Oil Pastels - It's like spreading color with lipstick.
I have a box of Oil Pastels. It looks like this:
Each pastel used to be clean, and they came with their own little spot, in a large cardboard box, as a set of 48. But after six moves, over three thousand miles, and a few days spent in hot cars, they are now jumbled up in a small plastic box getting each color all over it's neighbor... but when I look at this color mess, all I see is magic.
It's like being six again and looking at a box of crayons, oh the possibilities.
I haven't worked much in oil pastel since I bought them literally six years ago, but this month I wanted an effect on a painting about Red Winged Black Birds that I'm working on and realized I could only get it with oil pastels. So I pulled out my box of color, and started exploring once again. On the first night of discovery, I drew some red winged black birds.
And then, got up the courage to draw all over my canvas for red winged black birds...
Then, after being reminded about how amazing these sticks make color glide... I started playing more. And drew a manatee...
...because manatees are really cute.
And then a spoon bill...
....who doesn't love a spoon bill?
And soon found myself over the week, doodling birds while waiting for programs to load on my computer...
And then got carried away, and started drawing on all of the abstract square canvases
I had made for other projects....
...They look better with birds on them.
Oil Pastels consist of pigment mixed with a non-drying oil and wax binder. There are a variety of brands out there to choose from; Cray-pas to Caran D'ache to Sennelier. Unlike some mediums, you can really tell the difference between the cheaper oil pastels and the more expensive ones. Cheaper oil pastels are stiffer and crack easily when drawing. All of my oil pastels are Sennelier, which is one of the more expensive brands. But, with the Sennelier pastels, it really does feel like you are drawing with lipstick, and their colors are more vibrant. They also glide better on more surfaces, making them a lot easier to use if you enjoy working on a variety of surfaces. I discovered early on when trying out a new medium, it's best to buy a box of as many colors as you can afford. Especially in pastels and pencils. Unless you know you are painting a certain subject that needs only several colors.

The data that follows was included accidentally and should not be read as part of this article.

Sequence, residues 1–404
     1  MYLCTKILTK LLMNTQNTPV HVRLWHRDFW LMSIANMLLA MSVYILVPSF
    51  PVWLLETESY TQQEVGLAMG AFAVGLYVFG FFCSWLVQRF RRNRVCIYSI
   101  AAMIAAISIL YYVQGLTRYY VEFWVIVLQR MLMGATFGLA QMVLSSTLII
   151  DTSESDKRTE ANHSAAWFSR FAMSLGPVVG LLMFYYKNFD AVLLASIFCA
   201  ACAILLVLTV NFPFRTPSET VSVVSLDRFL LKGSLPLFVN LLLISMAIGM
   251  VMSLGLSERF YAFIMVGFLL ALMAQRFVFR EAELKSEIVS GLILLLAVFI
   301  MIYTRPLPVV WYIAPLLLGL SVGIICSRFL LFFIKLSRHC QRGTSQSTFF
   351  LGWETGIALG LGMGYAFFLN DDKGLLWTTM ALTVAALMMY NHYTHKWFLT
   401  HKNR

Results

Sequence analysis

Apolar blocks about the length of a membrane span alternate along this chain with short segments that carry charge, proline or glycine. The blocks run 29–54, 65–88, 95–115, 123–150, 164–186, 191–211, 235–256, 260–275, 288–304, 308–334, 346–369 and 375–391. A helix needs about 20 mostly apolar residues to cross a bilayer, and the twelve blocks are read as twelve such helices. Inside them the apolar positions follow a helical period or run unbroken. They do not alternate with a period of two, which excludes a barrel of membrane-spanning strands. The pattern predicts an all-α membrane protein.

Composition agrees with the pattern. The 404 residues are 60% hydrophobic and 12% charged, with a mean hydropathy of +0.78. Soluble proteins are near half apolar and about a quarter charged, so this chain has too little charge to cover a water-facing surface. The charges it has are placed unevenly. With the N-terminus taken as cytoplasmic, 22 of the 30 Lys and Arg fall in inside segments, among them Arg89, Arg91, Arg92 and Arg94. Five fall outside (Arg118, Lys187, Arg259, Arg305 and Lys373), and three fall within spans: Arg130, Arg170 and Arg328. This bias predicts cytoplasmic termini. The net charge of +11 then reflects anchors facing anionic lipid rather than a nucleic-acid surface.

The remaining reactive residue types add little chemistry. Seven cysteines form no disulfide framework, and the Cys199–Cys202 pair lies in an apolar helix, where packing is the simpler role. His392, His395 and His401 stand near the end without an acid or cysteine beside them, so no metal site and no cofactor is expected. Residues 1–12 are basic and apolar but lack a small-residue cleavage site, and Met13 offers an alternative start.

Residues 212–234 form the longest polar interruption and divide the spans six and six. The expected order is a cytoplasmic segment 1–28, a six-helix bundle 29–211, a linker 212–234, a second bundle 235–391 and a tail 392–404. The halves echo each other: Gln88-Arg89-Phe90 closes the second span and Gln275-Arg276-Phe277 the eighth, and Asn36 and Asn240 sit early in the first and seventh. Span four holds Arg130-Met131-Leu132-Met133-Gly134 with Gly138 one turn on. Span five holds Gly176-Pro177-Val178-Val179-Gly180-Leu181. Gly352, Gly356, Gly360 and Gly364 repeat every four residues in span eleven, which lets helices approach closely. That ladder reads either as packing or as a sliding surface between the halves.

In the late 1940s, the story goes that Pablo Picasso's friend, Henri Goetz approached Henri Sennelier, a french artist materials manufacturer, about creating a wax color stick. Picasso was looking for a medium that could be used freely on a variety of surfaces without fading or cracking. Sennelier made the first artist grade oil pastels then with the very intention they could be used as Picasso dreamed. I have barely scratched the surface of possibility with these pastel, but the more I work with them, the more I want to continue exploring how I can make more than just studies of cute animals in my sketchbooks.